July 2021

Ten years of dock10. Then, now and into the future – an interview with Mark Senior

Ten years of dock10. Then, now and into the future – an interview with Mark Senior

As we celebrate ten years of dock10, Mark Senior reflects on how it all began and highlights some of the significant developments that have marked our evolution into the UK’s leading television facility.

What was the idea behind building dock10?

The origins of dock10 lie in the BBC's plan to move key elements of its television operations, including BBC Children's and BBC Sport, outside of London to Salford Quays in Greater Manchester. At the time there was criticism that the BBC was too focused on producing content within the M25, and Mark Thompson, the then Director-General of the BBC, was keen that the corporation should, in his own words, "serve and represent the whole country, not just its capital." This ambition, however, required a major television facility that could support the creation of world-class content outside of London – dock10 was born.

How did dock10 get its name?

dock10 is built on the site of the former Manchester Ship Canal docks. Construction of the canal began in November 1887, and it was dug largely by hand over the next six years being officially opened by Queen Victoria in May 1894. Construction of dock10 began in 2007, and it was ready to go on air in January 2011. It was officially opened by Queen Elizabeth II, accompanied by the Duke of Edinburgh, in March 2012. Our name, dock10, comes from an original site plan drawn over 100 years ago that includes a series of nine docks and a reference to "SITE OF FUTURE DOCK NO. 10". The shipping dock originally envisioned was never built but our facility stands on the same ground and we are proud to call ourselves dock10.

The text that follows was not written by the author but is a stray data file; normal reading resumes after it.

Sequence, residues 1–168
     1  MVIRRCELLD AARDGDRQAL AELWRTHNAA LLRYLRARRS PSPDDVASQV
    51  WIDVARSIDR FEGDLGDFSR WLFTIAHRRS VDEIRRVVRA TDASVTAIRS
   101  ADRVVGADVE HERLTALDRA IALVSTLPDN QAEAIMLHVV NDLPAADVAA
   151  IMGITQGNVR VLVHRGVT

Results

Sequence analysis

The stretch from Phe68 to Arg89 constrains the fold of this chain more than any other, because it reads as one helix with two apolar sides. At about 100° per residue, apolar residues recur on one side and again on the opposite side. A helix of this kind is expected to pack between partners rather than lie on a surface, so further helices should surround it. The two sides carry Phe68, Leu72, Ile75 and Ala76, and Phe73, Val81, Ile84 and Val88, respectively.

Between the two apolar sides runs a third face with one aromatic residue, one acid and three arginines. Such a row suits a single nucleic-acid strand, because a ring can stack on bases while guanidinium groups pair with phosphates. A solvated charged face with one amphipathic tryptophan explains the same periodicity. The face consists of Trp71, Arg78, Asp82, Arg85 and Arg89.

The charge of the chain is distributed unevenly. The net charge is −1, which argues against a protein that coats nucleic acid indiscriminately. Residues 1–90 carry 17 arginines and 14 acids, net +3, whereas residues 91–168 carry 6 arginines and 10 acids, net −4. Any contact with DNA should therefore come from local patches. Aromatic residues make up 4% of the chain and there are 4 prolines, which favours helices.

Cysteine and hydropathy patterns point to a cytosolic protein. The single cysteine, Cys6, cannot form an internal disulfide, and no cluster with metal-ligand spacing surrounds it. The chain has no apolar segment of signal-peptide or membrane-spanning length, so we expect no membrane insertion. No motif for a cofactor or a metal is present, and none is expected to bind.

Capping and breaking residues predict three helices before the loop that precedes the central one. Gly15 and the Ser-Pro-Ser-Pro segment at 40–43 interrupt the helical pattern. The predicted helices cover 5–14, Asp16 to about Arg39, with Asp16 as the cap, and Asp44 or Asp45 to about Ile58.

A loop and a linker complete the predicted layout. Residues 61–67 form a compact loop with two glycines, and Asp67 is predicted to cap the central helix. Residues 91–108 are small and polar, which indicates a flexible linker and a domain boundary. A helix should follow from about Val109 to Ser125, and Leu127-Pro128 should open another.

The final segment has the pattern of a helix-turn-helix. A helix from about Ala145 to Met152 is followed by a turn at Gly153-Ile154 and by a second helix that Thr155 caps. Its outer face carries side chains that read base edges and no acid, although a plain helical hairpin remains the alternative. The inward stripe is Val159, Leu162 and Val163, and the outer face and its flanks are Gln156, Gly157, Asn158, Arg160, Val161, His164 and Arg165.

What was dock10 like ten years ago?

One of the first television shows made here was Don't Scare the Hare, presented by Jason Bradbury. He described dock10 at the time as an enormous studio in the middle of a ghost town. "There was lots of glass, lots of concrete, lots of building, but there was no television," Jason remembers. "There weren't camera people going around. There wasn't a hubbub in the cafes and so on. There was nothing outside." The site soon developed with the migration to site of various BBC teams and shortly afterwards ITV and has continued to grow and evolve ever since.

What are dock10's facilities today?

Today, dock10 has eight television studios and two specialist audio studios - a total of more than 43,000 sq ft of studio space. This includes the UK's largest multi-camera television studio at a massive 12,540 sq ft. Our award-winning post production facilities have over 50 edit suites, as well as sound, VFX and extensive media management capabilities. We are at the heart of Media City that has a future-proof fibre network with over 20 global network providers, making it one of the best-connected sites in the world - perfect for the needs of broadcast and media.

The last year has seen the television industry adapt to the global pandemic. How has this affected dock10?